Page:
Officials Herald New Goodwin Magnet School as a Boon to Early Childhood Education
Once it opens, the Goodwin College Early Childhood Magnet School will provide 240 children with the chance to learn in a comprehensive program, supported by the college and a nurturing group of educators.
On Tuesday, July 10, however, the site of the future school was a place for officials to gather and praise the initiative, both in terms of new educational opportunities for children as well as creating jobs for state workers.
This is something that has been very important to all of us,” said Lieutenant Governor Nancy Wyman. “Generations of kids will live on and have a better life because of you.”
Wyman was among many speakers who heralded the groundbreaking, which took place on the grounds of Willowbrook School in East Hartford. Last year, Goodwin College acquired the property from the town for the purposes of developing the Early Childhood Magnet School.
Once completed, the $16 million, 34,000 square foot facility will house programs for up t0 240 students, drawing from throughout the region. Half the slots will be reserved for students in prekindergarten and the other 120 spots for kindergarten-age children.
The learning opportunities will not be limited to children. Students from the College’s Early Childhood and Child Study program will help staff the school, mastering their own crafts and applying their knowledge directly to the youngsters.
“Goodwin does not build buildings just for the sake of building buildings,” said Alan Kramer, Dean of Magnet Schools for the College. “We build it because of a vision that we have of what education means.”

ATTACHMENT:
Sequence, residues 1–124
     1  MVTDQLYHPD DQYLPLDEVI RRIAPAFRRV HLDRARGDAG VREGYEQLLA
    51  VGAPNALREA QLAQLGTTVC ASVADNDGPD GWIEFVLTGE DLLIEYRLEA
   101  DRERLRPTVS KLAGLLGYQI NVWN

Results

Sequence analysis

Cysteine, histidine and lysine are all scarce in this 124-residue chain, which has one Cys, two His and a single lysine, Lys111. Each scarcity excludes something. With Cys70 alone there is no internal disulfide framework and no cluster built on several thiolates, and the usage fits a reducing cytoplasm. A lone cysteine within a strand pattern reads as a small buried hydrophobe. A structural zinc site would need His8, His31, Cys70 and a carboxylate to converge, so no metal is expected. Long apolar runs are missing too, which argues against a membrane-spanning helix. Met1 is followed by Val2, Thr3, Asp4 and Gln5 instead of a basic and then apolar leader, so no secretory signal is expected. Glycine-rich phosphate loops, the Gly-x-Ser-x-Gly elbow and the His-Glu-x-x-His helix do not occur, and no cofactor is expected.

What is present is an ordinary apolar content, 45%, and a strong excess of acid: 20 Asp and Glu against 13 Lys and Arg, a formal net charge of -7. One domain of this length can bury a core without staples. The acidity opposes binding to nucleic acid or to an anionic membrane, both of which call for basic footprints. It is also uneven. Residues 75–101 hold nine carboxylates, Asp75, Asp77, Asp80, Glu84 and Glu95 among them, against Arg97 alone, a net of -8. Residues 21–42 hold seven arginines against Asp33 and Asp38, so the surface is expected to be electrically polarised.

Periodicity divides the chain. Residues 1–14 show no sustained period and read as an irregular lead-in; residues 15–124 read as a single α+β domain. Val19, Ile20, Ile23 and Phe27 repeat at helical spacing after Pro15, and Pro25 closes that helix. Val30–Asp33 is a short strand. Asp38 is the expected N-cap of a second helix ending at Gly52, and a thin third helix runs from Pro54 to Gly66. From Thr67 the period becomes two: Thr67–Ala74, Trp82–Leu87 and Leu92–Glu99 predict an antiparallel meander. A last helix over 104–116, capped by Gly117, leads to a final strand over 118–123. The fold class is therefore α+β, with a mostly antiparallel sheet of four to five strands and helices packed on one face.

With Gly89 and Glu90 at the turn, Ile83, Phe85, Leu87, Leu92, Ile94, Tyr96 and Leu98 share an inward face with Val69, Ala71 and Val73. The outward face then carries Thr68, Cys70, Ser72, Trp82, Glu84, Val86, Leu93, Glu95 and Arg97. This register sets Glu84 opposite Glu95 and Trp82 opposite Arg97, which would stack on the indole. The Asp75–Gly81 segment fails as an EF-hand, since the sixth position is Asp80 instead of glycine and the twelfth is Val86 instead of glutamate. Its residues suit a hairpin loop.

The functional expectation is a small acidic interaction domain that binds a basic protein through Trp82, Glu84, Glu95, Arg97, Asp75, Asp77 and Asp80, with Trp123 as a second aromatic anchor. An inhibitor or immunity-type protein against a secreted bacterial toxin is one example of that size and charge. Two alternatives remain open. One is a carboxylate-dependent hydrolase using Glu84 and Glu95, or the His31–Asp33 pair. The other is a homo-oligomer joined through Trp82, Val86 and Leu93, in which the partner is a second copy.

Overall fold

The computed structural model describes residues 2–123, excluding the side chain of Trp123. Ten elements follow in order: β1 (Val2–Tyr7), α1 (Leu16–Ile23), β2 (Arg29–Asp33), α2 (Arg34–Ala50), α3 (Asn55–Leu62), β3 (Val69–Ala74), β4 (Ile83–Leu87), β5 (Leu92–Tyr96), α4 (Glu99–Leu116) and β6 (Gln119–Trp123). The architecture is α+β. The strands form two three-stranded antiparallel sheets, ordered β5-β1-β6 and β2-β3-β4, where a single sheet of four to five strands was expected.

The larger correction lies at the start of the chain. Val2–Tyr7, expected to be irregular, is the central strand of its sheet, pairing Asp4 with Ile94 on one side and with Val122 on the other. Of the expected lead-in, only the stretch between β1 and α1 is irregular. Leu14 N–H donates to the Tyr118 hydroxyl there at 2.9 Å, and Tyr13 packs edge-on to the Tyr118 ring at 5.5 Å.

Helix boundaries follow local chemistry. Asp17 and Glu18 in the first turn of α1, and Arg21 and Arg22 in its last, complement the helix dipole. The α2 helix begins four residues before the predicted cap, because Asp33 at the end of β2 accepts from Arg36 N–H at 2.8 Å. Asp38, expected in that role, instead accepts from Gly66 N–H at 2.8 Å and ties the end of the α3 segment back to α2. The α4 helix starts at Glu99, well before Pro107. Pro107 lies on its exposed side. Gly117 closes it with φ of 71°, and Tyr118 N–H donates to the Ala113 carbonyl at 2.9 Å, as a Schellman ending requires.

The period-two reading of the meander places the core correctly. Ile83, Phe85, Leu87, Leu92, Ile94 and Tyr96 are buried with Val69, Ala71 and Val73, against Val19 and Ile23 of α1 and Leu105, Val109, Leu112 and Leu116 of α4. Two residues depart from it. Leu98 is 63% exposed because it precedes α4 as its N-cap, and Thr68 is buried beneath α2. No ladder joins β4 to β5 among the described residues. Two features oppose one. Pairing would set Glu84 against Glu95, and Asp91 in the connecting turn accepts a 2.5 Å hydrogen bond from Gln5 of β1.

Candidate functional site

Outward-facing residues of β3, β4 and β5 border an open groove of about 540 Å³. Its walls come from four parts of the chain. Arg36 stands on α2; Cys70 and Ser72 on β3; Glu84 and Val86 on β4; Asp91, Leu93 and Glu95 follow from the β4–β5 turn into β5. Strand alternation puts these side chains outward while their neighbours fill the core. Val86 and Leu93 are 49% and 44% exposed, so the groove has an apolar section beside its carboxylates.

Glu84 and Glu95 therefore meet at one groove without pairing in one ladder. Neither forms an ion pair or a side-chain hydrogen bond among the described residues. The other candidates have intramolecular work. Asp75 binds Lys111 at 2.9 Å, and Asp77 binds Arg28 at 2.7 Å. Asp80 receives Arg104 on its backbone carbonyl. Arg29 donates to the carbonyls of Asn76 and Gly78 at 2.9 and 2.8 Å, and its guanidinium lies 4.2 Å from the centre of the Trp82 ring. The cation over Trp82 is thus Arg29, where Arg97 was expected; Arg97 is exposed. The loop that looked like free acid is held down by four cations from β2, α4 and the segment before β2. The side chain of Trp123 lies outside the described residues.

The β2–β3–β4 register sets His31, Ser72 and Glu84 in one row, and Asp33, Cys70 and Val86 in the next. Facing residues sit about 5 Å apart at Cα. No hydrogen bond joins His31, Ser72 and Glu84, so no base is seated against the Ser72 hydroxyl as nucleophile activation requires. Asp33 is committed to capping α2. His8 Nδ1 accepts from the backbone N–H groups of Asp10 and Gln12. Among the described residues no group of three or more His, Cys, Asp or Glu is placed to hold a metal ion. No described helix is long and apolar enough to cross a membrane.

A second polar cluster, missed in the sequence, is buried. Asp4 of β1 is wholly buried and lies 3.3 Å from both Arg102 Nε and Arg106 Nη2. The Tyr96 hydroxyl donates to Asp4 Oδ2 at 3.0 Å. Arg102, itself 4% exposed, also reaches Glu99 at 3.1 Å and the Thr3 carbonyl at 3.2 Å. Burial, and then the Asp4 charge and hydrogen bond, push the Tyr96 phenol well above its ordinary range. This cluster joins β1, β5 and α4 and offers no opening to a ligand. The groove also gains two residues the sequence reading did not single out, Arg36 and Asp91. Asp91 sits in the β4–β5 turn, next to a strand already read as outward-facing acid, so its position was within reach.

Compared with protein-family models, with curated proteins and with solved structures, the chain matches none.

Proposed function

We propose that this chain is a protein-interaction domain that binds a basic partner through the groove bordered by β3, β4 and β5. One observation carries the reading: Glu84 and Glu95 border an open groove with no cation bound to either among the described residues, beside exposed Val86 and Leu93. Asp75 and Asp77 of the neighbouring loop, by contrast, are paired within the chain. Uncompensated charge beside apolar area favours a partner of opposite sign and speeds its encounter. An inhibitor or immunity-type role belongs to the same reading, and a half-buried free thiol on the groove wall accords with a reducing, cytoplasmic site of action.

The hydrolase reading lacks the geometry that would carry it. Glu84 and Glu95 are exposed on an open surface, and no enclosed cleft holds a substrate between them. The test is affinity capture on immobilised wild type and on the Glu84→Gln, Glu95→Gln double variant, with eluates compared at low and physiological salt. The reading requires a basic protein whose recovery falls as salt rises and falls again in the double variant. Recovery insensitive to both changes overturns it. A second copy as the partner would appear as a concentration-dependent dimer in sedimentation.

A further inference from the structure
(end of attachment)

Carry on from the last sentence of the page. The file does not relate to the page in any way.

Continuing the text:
The school is the second of three magnet schools that Goodwin intends to complete and open by the beginning of the 2013-14 academic year. Construction is already underway on the permanent home of the Connecticut River Academy, an interdistrict magnet high school already in operation on Goodwin College’s campus. Work on the third school – the Pathway Academy for Technology and Design, a magnet high school to be run by the Hartford Board of Education – is expected to begin soon.
The three huge projects, as well as smaller construction projects all over Goodwin’s River Campus and in other areas of East Hartford, is creating a positive transformation. State Senator Gary LeBeau, D-East Hartford, lauded the College as transformative for the neighborhood, and State Representative Jason Rojas, D-East Hartford, credited the positive economic impact.
“Welcome to the Goodwin College Economic Stimulus and Job Creation area,” Rojas said. “As much as we laugh about that, it is critically important that all of this work is taking place because it putting people to work and making sure that people can stay in their homes and put food on the table.”
Peter “Ed” Reilly, president of the Greater Hartford-New Britain Building and Construction Trades Council, praised Goodwin President Mark Scheinberg for entering Project Labor Agreements to help generate construction jobs for Connecticut laborers.